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Mmh 22,1938.‘
D. w. MCL‘ENEGAN
'
_
2,112,038‘
AIR CONDIT IONING SYSTEM
, ~
Filed May 5, 1936
2 Sheets-Sheet 1
Fig.’ l.
32
Ihve‘nto'r'z"
David ‘ml. Mc Lehegan,~’
His Attorney
March 22, 1938.
7
D. w. MOLENEGAN
AIR
CONDITIONING
SYSTEM
Filed May 5, 1936
2,112,038
7
2 Sheets-Sheet 2
Inventor: '
David \A/. Me Lenegan,
b g j??/MZ is£ Attorngg.
2,112,038
Patented Mar. 22, v.1938’
UNITED STATES PATENT OFF-ICE.
». CONDITIONING sys'rEM
David W. McLenegan, Caldwell, N. .l., assignor to
General Electric Company, a corporation of
‘ New York
‘ Application my 5, 1936, Serial No. we
9 1
r 1 III‘ 5.
, (cite-s)
My invention relates to air conditioning sys
tems for cooling and dehumidifying the air within
auditoriums, rooms and other enclosures.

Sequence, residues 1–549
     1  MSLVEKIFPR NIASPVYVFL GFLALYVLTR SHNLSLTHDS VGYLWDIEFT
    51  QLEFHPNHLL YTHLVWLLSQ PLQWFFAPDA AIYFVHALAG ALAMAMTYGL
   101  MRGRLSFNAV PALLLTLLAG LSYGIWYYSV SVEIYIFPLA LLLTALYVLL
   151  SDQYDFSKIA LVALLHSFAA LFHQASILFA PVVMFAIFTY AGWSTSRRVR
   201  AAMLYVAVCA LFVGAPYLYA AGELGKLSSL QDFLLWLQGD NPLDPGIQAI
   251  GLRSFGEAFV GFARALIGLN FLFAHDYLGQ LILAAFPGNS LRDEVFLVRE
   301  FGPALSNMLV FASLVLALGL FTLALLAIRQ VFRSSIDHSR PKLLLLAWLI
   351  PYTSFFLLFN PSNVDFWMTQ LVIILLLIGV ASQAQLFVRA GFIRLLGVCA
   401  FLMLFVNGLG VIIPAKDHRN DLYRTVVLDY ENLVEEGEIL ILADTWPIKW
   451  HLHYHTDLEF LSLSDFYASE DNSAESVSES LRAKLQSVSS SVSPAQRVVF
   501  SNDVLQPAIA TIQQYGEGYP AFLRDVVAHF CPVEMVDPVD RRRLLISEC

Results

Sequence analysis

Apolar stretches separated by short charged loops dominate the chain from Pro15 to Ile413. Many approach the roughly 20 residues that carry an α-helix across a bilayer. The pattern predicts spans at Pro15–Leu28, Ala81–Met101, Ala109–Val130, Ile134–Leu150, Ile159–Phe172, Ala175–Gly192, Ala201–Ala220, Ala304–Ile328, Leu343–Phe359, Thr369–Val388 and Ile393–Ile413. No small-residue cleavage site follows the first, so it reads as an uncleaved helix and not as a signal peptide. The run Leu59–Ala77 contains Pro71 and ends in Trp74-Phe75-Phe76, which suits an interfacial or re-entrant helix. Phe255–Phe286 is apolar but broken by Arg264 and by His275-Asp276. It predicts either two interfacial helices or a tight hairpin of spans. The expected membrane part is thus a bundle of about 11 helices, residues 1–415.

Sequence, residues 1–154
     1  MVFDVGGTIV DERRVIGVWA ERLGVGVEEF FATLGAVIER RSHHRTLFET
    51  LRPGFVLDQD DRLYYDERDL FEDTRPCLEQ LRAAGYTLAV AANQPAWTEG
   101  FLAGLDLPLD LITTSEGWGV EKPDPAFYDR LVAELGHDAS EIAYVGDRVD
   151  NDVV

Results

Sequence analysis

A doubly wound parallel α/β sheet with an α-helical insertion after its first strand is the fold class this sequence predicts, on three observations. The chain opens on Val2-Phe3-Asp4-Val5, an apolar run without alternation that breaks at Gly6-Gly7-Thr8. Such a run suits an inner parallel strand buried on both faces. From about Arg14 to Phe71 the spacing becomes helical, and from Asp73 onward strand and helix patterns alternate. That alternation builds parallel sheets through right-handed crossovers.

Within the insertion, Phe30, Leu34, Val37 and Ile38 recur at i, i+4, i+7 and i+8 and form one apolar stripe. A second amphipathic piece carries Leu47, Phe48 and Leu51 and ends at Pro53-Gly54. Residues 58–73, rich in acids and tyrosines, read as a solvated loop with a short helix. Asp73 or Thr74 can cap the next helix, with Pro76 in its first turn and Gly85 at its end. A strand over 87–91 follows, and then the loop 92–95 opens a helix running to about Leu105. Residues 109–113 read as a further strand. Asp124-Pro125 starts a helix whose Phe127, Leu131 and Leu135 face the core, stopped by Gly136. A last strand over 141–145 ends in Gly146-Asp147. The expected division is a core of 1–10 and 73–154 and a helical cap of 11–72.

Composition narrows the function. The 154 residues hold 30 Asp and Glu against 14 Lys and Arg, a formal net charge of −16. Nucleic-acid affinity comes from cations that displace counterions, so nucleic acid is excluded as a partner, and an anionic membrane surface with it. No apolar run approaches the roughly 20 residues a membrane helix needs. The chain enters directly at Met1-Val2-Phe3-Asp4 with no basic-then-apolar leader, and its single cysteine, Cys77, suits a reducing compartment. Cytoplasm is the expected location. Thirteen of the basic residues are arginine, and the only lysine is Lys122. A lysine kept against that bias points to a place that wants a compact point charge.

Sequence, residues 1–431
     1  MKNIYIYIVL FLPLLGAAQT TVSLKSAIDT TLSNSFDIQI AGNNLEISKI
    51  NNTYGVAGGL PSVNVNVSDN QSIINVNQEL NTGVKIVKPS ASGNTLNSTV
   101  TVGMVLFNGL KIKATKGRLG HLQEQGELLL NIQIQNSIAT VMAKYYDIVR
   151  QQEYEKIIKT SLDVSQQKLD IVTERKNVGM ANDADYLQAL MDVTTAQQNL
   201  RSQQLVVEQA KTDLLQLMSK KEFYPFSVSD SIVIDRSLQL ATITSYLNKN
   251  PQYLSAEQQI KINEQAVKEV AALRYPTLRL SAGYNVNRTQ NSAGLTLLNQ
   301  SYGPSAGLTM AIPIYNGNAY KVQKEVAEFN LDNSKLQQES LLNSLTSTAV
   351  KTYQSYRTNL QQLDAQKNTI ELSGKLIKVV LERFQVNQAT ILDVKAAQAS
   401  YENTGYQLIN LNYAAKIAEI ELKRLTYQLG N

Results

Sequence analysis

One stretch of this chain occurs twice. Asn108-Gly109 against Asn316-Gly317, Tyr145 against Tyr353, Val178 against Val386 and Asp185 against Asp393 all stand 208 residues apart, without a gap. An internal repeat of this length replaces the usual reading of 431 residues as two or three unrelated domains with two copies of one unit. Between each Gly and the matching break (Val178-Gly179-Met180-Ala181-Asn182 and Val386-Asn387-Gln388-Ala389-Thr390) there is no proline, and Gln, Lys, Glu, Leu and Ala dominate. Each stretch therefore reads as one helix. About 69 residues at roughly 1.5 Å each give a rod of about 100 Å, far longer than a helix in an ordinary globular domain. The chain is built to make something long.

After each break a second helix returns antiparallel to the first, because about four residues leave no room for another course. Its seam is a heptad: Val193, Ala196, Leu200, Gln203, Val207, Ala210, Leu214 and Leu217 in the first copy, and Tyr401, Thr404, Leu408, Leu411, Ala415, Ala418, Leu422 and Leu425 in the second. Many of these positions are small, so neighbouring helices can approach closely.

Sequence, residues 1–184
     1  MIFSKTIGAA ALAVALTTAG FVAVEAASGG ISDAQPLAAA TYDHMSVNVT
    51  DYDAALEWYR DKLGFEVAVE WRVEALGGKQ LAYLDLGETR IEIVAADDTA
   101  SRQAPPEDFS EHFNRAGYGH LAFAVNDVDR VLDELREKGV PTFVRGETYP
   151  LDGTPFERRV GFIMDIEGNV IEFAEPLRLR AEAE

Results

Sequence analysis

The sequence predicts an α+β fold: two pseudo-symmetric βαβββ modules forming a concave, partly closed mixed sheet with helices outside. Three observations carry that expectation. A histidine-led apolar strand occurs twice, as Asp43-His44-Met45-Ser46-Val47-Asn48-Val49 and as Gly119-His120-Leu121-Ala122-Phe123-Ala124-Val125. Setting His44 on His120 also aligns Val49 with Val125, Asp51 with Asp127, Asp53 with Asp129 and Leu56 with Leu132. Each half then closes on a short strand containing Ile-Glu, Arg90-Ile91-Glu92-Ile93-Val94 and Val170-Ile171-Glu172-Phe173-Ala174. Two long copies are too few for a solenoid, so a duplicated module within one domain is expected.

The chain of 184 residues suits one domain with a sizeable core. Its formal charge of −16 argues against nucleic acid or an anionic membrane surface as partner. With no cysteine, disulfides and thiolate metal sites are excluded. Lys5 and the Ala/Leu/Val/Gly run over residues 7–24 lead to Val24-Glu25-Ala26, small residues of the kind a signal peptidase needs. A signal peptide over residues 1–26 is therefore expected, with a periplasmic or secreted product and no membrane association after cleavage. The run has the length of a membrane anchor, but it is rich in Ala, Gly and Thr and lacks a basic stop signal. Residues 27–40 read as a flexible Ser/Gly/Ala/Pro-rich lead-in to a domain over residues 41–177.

It is an object of my invention to provide a
acrossthe casing in the path of the air. Coil
I8 is preferably of the type having a plurality of
?ns for providing a large heat absorbing area.
The coil I t is connected in the circuit of a me
5 system for cooling and dehumidifying the airy chanical refrigerating machine including ‘a com- 5
within an enclosure including a cooling coil and
an. improved arrangement for readily changing
the supply'of cooling medium to vary the effec
tive cooling surface of the coil in accordance with
10 the temperature and humidity conditions of the
air in the enclosure.
_
.
Another object of my invention is to provide a
system for cooling and dehumidifying the air
within an enclosure including a cooling coil and
.15‘ having a thermostatically operated valve for con
trolling the admission of refrigerant to the cool
ing coil and an arrangement‘for varying the am
bient surrounding the control bulb of the valve
to vary the length of the portion of the coil con